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The U.S. Equal Employment Opportunity Commission on Tuesday charged a power generation equipment company with violating the Americans with Disabilities Act by requiring an employee to submit overly broad medical release forms.
In a lawsuit filed in U.S. District Court in St. Paul, Minnesota, the agency charges that Shoreview, Minnesota-based Cummins Power Generation Inc. required an employee to sign various medical release forms that sought “irrelevant” information, and that it told the worker he had to sign a release before taking a fitness-for-duty exam.
When the employee objected to signing the releases, he was told he had to sign them or face termination. The company ultimately fired the employee for failing to sign the release, said the EEOC, which did not identify the employee in its statement.
The EEOC maintains Cummins was making disability-related inquires that were not job-related or consistent with business necessity by requiring the worker to execute an overly broad release, which violates the ADA, according to its statement.
The EEOC also said the releases would have resulted in disclosure of family medical history in violation of the Genetic Information Nondiscrimination Act, and that the company violated both the ADA’s and GINA’s anti-retaliation revisions by firing the employee for his “good-faith” objections to the releases.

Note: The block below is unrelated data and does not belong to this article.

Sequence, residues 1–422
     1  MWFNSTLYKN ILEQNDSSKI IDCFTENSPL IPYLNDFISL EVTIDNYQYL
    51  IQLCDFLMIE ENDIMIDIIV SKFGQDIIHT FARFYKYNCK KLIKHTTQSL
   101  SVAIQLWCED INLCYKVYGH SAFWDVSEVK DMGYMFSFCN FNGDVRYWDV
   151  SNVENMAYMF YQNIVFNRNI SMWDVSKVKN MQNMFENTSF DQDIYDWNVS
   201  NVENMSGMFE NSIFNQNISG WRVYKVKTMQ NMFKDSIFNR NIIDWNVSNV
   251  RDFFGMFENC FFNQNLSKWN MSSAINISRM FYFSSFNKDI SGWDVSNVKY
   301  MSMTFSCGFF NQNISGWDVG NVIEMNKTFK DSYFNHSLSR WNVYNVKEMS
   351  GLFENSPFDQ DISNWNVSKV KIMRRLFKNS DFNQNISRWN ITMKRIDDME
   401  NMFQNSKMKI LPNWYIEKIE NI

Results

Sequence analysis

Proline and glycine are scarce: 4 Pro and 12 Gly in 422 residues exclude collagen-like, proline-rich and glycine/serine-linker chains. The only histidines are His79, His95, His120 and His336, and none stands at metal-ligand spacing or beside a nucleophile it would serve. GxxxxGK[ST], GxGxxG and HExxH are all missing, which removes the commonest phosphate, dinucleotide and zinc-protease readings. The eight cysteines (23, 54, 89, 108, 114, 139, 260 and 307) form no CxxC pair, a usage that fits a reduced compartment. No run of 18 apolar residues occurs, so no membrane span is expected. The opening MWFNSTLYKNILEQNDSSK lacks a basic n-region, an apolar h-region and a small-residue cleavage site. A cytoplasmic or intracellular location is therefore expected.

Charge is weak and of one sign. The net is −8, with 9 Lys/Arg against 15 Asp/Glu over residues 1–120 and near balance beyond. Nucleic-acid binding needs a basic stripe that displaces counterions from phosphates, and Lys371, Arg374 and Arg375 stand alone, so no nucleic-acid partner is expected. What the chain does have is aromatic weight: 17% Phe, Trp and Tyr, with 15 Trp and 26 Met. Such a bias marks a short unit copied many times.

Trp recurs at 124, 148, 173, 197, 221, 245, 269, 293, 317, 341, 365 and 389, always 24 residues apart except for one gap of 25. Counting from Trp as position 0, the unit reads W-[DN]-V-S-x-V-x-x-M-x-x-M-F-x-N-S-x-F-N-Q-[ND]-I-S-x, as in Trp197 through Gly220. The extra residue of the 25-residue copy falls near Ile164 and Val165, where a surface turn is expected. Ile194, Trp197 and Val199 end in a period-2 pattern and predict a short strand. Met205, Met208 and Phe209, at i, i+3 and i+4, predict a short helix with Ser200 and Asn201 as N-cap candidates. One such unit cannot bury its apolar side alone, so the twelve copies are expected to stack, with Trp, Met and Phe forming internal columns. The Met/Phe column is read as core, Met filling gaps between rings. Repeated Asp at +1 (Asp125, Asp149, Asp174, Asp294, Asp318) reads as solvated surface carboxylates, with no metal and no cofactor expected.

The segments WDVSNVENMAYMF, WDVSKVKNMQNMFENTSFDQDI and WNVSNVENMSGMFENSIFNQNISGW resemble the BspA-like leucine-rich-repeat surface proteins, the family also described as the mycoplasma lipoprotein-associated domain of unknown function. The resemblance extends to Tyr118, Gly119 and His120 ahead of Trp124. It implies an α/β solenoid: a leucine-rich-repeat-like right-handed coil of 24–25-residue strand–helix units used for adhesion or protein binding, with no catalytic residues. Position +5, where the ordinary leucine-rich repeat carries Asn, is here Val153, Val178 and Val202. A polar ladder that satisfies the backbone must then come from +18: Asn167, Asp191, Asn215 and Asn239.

“The EEOC doesn’t challenge Cummins’ request for a fitness-for-duty examination, but Cummins had an obligation to request only those medical records and information that actually pertained to that issue,” said John Hendrickson, regional attorney for the EEOC’s Chicago district, in the statement.
“Employees don’t give up all rights to privacy of their medical information when they get a job. By asking for all and sundry medical information, Cummins went too far. The EEOC is here to make sure employers follow the requirements of ADA — and of GINA, which is a newer statute that everyone needs to understand and observe.”
A company spokesman could not immediately be reached for comment.
In August, the EEOC filed suit against a Wisconsin energy company for allegedly violating the ADA, charging it shifted responsibility for paying health care premiums to an employee who refused to participate in its wellness program, then fired her.
A terminated police officer who was diagnosed with attention deficit hyperactivity disorder was not sufficiently impaired to be protected by the Americans with Disabilities Act, said an appeals court, in overturning a lower court's $777,700 court award.